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one flaw

Posted by bc on May 5th, 2000 11:05 AM
In reply to Termite control options -- continued by Kristyh on May 5th, 2000 08:17 AM [Go to top of thread]

I would go with the chemical spray/ground treatment around the perimeter as well as the infected wood and do your own inspection (instead of them) and look especially where you've already found them and adjoining spaces.

A good spray/ground treatment should hopefully get them and protect for about 5 years. The cost of the inspection would not include further treatment if any were found so save that part and do your own. While it should last 5 years there is no guarantee that they might be back sooner and on the other hand you may get this one treatment and not see them again for 5, 10, or more years depending upon the conditions around the house like Jay mentioned. Termites are migratory in the ground and each spring they go looking around for food sources. There may be enough residual in the treatment to last a long time depending upon the conditions and ground.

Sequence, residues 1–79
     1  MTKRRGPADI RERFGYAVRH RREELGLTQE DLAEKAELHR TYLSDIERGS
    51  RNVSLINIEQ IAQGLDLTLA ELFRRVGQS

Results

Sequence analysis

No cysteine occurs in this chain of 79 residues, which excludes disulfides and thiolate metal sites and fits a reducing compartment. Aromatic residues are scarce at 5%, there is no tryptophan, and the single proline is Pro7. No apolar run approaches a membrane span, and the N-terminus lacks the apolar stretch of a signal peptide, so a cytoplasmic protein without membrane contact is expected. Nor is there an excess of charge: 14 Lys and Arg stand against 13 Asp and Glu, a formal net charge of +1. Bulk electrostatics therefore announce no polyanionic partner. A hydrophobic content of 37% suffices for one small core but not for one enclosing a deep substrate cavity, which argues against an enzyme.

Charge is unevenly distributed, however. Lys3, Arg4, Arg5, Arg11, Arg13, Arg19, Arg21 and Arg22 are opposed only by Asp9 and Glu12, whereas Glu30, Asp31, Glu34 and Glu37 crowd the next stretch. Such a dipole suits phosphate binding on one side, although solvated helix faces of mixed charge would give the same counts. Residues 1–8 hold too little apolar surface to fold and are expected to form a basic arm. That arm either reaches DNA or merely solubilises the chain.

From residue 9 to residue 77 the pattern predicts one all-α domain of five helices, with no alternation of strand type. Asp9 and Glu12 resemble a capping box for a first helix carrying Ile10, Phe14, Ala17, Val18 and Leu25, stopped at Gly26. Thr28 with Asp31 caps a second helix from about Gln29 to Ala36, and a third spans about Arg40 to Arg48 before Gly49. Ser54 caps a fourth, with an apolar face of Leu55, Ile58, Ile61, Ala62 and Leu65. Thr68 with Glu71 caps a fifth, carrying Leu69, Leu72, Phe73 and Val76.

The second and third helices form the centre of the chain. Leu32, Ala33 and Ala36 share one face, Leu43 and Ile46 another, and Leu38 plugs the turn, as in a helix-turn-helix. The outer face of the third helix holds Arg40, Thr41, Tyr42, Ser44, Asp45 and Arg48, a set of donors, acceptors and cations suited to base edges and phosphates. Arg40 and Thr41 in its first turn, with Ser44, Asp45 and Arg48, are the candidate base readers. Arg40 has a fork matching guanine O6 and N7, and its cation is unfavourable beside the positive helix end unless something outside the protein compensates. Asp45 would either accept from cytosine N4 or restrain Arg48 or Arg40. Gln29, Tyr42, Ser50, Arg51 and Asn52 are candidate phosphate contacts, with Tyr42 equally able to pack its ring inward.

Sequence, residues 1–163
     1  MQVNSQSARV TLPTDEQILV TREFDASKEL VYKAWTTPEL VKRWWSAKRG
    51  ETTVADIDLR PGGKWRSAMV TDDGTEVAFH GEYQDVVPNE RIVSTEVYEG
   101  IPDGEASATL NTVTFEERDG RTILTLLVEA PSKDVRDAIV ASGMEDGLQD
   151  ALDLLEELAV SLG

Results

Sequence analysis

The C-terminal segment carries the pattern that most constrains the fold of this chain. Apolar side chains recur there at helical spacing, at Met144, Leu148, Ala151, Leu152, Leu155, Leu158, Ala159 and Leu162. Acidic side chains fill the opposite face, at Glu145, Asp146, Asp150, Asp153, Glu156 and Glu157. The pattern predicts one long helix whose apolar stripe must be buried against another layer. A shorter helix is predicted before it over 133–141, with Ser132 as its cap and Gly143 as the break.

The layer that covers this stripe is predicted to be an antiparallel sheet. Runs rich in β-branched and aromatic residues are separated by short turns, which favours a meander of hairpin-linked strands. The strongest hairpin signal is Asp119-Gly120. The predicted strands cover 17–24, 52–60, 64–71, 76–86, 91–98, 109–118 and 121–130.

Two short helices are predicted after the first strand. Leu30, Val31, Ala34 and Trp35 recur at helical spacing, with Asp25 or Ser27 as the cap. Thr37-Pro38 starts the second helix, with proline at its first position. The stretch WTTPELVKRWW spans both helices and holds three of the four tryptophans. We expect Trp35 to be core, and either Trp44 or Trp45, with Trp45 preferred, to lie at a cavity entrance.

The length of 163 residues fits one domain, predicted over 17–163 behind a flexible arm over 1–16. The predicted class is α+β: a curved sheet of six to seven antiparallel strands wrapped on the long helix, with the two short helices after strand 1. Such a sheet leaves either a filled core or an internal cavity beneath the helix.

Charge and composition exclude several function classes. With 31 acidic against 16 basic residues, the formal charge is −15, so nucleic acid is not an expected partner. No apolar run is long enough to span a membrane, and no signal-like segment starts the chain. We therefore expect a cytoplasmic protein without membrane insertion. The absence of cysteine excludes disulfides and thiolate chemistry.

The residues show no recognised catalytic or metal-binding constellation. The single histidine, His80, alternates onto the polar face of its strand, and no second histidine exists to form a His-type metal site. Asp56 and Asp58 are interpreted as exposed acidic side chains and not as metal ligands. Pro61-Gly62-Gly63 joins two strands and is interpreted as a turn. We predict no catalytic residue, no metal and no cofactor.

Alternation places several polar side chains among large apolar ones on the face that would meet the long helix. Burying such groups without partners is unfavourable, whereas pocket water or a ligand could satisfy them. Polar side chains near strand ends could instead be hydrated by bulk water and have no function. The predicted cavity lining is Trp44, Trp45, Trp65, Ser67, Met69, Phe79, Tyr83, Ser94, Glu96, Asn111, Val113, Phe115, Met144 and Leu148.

I assume by spray that you mean a ground treatment where they use a 6" trench around the foundation or use a drill/pump and either of which method would put in at least a couple hundred gallons of chemical mix around the foundation that can soak deep into the soil. You also want to spray any wood where the actual infestation is as well as nearby.

The one flaw to your consideration of catching the damage is basically that you need to treat to catch the damage "now" and doing no treatment will mean they are still there and you will catch them again on your next inspection which still means treatment but have another year's worth of damage and make the house that much harder to sell later on. A relative of mine is ordering some chemical today through an internet connection to do their own house. A few hundred dollars worth of chemical and a day's labor should do it. Of course it is legal in my state to do your own. The chemical company knows which states allow chemical to be shipped to unlicensed people.

What is the square footage of your house and the circumference around the house including concrete porches? Also hardwood, softwood, etc. all contain the fibers that make good chewing for termites. Hardwood is just more expensive to replace when damaged.

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